In 1993, my father purchased a W113 Mercedes-Benz 280SL Roadster. It was green with black MB Tex and do you know what? It looked, and felt, old. At that point, it was a 22 year old car that had been mostly forgotten by the enthusiast world. After all, the dated W113â€™s replacement â€“ the oh so 80s even though it was from the 70s R107 â€“ had just gone out of production, itself replaced by the thoroughly modern R129. A teenager, I loved the fresh R129 at the time, and the W113 seemed like a dinosaur by comparison. But my father loved the look of the W113, and so for the then princely sum of mid-teens he purchased a relatively clean, reasonably low mileage and (almost) fully functional Mercedes-Benz SL. Not a bad deal in hindsight – or at the time, considering the new SL’s $80,000 sticker price – in 1992!
Fast forward 27 years, and the SL market has gone completely bonkers, awakening to the fact that the W113 was (and still is) a beautiful, classic and elegant design. Iâ€™m not even sure you could buy a non-functional, rusty wreck of a W113 for the same price my father paid in 1993 â€“ and an expensive restoration would await you.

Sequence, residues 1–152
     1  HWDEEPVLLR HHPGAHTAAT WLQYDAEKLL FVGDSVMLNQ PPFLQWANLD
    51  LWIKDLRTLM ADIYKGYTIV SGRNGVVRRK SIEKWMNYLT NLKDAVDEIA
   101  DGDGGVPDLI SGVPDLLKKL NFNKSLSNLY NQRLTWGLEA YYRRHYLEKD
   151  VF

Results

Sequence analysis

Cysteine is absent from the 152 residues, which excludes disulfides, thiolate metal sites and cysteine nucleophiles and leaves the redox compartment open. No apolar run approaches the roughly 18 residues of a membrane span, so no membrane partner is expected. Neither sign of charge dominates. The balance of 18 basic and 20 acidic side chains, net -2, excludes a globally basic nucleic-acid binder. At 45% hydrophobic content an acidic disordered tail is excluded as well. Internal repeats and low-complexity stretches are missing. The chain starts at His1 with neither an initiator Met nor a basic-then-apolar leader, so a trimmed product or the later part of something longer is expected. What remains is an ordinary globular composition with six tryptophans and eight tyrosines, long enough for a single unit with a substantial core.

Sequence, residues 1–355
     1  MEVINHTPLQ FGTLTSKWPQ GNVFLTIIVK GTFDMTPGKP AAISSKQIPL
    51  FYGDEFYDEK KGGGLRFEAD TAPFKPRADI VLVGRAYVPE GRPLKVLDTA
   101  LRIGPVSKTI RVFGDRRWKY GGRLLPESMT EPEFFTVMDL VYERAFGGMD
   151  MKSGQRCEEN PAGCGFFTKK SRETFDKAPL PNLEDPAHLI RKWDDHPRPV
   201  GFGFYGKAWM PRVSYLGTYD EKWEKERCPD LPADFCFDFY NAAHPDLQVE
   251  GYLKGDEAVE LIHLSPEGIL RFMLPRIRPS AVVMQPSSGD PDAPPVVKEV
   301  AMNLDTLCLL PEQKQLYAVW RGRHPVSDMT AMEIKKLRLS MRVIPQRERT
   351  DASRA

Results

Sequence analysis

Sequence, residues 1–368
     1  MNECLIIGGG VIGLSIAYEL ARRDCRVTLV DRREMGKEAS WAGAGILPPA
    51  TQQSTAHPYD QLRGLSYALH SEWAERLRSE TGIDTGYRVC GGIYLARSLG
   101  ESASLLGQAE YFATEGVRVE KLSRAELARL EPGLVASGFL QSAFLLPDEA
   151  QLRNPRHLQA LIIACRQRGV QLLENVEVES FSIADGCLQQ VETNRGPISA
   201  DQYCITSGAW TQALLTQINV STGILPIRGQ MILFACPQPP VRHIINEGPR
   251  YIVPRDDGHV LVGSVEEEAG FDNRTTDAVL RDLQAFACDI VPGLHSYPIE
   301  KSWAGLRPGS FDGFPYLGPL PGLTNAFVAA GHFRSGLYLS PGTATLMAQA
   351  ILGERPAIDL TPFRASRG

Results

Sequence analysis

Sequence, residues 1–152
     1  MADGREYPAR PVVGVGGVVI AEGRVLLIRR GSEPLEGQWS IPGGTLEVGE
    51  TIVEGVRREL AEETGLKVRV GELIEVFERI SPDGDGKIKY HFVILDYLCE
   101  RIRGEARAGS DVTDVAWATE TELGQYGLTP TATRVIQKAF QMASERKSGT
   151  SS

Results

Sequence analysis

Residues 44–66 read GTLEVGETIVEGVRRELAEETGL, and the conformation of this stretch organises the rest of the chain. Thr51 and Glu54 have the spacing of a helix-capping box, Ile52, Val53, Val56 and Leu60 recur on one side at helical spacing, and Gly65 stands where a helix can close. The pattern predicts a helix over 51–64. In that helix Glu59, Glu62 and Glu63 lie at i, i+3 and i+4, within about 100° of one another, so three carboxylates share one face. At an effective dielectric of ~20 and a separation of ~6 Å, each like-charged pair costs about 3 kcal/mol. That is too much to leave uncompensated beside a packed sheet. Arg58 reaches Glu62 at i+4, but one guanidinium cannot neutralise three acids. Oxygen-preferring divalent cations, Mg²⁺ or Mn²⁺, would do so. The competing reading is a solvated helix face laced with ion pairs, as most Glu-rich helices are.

Why do I mention this?
Currently, almost no one has time to even consider the 8N chassis Audi TT. Itâ€™s old, with the last of the first generation produced 15 years ago and its replacement â€“ the 8J â€“ has also fully completed a production cycle. It doesnâ€™t have the super wiz-bang computers, million horsepower engines, or cut-your-hand-on-the-front-end styling of the new models. A fair amount lay in a state of disrepair; crashed, thrashed and trashed to a point where theyâ€™re nearly given away â€“ quite seriously, thereâ€™s one near me for $1,500. But find a good one, and I think now is the prime time to grab a clean TT that will be a future collectable. So here we are with a ’03 TT 225 Coupe in Goodwood Green Pearl Effect over a light tan interior. I think I’m in love!